From Van Gogh’s Starry Night, to Leonardo Davinci’s Mona Lisa, here are 9 Hidden Secrets Within the World’s Most Famous Paintings.
9. The Old Guitarist, by Pablo Picasso
Painted in 1903, shortly after the suicide of one of his closest friends, this painting depicts a solitary old guitar player, sitting in a seemingly awkward position. Having lived in near poverty himself, Pablo Picasso sympathizes with the miseries of those less fortunate in his artwork. This appears to be a very simple painting at first sight, but should one examine it a bit more closely, a faded outline of a face becomes noticeable to the right of the guitarist’s head. Infrared scans and x-rays of the painting have revealed that Picasso originally meant to paint a scene with a woman nursing a baby instead. A possible explanation for this ‘hidden’ painting could be that the artist simply didn’t have sufficient funds to purchase new canvases and painted new inspirations on top of previous work.
8. The Persistence of Memory, by Salvador Dali
“I used melting cheese as inspiration for the clocks”, Salvador Dali admitted on the rare occasion when he talked about his works. Of course, he could’ve have been just joking about it in his attempts to keep the painting as mysterious as possible. What we do know, however, is that this painting was created while the artist was hallucinating. Dali’s goal was to be able to create ‘hand-painted dream photographs’, and to do that he believed he needed to enter in self-induced psychotic hallucination states. He admitted that what he creates during these states of altered consciousness often frightens and surprises him. Perhaps, Salvador Dali isn’t capable of explaining the true intentions of his works, since they were influenced by his subconscious and dreams that he himself doesn’t fully understand. While the backstory of the clocks may never be known, the background landscape in the painting is believed to be Dali’s view from his family’s summer house in Catalonia.
7. The Starry Night, by Van Gogh
Vincent van Gogh's painting 'Starry Night' is considered one of the most historic pieces of art ever created. The artist painted it just a year before his passing in 1889.
But it was only in 2004 that scientists discovered an uncanny resemblance between the swirling patterns in the painting and observations captured by the Hubble Telescope about spiralling clouds of gas and dust around a distant star.
Ever stopped to wonder about where Vincent van Gogh’s inspiration for the ‘Starry Night’ came from? The swirling stars painted in 1889, just one year before his death, have been interpreted as the swirling emotions, beauty, pain and hope. But in 2004, scientists looking at images captured by the Hubble Telescope discovered a startlingly close resemblance between Van Gogh’s swirls and those that clouds of gas and dust form around a distant star! While living in an asylum, Van Gogh had plenty of time to star gaze, and the Starry Night painting is based off the exact view from his asylum room window. With all that time to ponder the world beyond, scientist believed Van Gogh stumbled upon the complex concept of turbulence, which explains the whirlpools and eddies that form in clouds. It is also said that van Gogh was referencing the Book of Genesis, since he painted exactly eleven stars in the night sky, and a handful of other parallels to complex scientific theories have been spotted in his other works.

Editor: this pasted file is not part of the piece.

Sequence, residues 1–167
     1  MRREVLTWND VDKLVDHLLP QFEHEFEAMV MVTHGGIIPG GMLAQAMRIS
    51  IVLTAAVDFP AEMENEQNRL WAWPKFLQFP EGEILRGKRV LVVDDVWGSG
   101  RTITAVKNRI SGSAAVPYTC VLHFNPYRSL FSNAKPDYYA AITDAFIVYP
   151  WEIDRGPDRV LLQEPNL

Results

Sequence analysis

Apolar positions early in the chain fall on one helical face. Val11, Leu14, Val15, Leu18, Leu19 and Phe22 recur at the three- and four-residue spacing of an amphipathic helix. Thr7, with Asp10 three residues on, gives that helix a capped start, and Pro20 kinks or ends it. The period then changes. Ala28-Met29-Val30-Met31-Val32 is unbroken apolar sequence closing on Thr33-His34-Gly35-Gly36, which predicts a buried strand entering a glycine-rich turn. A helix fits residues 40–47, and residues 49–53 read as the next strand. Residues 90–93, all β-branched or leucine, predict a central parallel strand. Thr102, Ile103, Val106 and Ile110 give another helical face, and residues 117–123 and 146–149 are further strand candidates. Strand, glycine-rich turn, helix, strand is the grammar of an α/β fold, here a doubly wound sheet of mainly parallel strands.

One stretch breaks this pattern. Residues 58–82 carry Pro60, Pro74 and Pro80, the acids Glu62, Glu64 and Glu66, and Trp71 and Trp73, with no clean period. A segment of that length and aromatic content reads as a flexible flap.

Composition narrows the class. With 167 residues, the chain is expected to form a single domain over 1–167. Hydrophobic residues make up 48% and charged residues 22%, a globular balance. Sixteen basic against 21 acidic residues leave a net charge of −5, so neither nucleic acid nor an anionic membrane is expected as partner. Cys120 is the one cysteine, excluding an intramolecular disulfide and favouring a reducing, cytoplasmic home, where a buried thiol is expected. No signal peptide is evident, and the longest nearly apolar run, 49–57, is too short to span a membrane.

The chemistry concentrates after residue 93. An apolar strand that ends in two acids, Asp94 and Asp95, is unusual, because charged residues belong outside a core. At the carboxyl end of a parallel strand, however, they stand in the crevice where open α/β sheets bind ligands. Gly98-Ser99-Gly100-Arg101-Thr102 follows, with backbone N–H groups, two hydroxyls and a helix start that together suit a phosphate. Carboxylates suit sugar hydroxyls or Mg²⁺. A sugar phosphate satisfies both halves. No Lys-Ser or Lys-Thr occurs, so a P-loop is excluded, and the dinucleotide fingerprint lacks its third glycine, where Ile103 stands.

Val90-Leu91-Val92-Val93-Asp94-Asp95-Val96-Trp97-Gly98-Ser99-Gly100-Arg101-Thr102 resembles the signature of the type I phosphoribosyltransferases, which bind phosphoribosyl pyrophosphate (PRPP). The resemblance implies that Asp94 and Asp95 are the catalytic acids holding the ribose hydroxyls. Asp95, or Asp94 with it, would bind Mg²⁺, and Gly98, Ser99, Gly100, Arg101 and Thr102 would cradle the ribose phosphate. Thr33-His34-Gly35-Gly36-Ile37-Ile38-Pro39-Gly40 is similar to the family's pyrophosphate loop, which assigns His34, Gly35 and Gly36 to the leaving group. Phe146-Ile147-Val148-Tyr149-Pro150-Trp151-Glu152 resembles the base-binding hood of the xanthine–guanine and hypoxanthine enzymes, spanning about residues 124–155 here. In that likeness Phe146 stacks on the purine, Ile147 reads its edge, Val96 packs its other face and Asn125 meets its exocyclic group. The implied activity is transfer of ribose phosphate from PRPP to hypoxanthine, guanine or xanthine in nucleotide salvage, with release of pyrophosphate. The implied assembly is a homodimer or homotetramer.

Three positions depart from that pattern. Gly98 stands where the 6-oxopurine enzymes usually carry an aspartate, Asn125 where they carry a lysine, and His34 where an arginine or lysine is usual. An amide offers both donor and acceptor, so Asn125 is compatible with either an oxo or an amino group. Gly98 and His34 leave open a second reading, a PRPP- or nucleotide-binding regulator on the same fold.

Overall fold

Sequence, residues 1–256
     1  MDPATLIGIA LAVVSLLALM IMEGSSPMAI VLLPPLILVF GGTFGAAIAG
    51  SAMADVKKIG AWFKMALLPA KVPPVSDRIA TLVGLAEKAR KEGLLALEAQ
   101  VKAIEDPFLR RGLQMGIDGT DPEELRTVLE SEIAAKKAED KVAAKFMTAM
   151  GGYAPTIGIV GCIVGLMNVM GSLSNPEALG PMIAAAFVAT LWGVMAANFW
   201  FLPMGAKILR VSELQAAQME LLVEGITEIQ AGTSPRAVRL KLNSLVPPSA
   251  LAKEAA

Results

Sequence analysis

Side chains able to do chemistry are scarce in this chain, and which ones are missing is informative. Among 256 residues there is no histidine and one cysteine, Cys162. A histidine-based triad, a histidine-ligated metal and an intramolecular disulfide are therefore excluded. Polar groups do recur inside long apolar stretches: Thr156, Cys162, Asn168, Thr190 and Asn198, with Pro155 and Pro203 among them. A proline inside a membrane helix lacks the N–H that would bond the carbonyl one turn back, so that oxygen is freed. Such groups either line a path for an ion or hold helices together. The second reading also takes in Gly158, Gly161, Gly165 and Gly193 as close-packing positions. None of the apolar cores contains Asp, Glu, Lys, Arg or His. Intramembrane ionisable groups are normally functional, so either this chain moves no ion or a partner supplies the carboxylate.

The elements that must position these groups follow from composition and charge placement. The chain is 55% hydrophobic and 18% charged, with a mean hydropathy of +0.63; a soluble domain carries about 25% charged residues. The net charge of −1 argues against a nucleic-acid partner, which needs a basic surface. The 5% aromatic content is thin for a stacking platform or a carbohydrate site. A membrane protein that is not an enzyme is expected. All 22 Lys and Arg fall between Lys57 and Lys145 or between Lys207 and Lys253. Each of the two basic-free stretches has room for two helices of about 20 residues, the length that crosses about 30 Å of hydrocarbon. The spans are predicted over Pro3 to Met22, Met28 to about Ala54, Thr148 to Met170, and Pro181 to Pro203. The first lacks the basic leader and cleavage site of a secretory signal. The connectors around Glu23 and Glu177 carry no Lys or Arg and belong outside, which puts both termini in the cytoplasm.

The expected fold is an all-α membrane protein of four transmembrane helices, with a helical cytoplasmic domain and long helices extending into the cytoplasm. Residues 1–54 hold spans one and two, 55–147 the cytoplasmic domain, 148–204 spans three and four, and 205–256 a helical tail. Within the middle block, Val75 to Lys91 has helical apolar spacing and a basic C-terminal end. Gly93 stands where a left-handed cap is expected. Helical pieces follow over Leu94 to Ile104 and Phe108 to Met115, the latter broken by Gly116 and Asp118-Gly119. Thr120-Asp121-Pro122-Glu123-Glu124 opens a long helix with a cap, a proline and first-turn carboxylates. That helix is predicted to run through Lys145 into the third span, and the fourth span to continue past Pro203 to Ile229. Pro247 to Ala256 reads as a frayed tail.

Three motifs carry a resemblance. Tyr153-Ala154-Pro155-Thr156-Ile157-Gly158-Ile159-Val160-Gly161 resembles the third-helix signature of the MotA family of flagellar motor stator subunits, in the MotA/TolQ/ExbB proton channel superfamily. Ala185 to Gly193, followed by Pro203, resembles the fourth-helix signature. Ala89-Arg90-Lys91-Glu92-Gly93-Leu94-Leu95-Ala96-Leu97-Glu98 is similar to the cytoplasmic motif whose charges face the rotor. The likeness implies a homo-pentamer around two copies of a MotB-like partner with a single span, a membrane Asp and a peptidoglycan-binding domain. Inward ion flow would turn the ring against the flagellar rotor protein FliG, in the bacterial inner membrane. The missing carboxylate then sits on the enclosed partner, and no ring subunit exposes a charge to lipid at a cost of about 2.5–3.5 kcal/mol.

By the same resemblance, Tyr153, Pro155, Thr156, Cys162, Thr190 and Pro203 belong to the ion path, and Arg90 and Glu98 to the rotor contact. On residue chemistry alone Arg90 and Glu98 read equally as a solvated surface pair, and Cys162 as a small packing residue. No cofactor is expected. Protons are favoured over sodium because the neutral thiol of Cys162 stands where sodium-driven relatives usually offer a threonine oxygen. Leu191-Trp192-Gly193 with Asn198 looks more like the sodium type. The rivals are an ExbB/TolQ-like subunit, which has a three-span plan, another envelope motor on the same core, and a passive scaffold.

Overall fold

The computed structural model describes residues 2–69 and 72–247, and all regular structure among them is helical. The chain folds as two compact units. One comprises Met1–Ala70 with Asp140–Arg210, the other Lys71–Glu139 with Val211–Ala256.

6. The Scream, by Edvard Munch
Not a well-kept secret, this painting by Edvard Munch actually has several versions of it even a lithograph on stone, all done by the artist, trying out different materials and techniques. While this painting is now widely known by the name ‘the Scream’, its original title, intended by the creator, was actually ‘the Scream of Nature’, and is based off a phantasmagoric delusion the artist had off the water below a bridge he was crossing with his friends turning to fire while a scream pierced the world and tore through nature. The placement of the hands and hollowed cheeks have an uncanny similarity to the hand placement of mummies buried in the fetal position. Edvard Munch often painted with the blues, greens and purples of the Norwegian night sky. This painting reveals an homage to one of the most violent volcanic eruptions in history. The Krakatoa, a gray volcano in Indonesia, erupted in 1883 producing the strongest heard explosion ever recorded - 180 decibels and heard over 160 kilometers away. The event killed everyone within 20 kilometers and volcanic ashes rose into the atmosphere.
5. The Sistine Chapel Ceiling, painted by Michelangelo
4. Pope Paul III and his Grandsons, by Titian
3. The Arnolfini portrait, by Jan van Eyck
2. Rembrandt’s self portraits
1. The Mona Lisa, by Leonardo da Vinci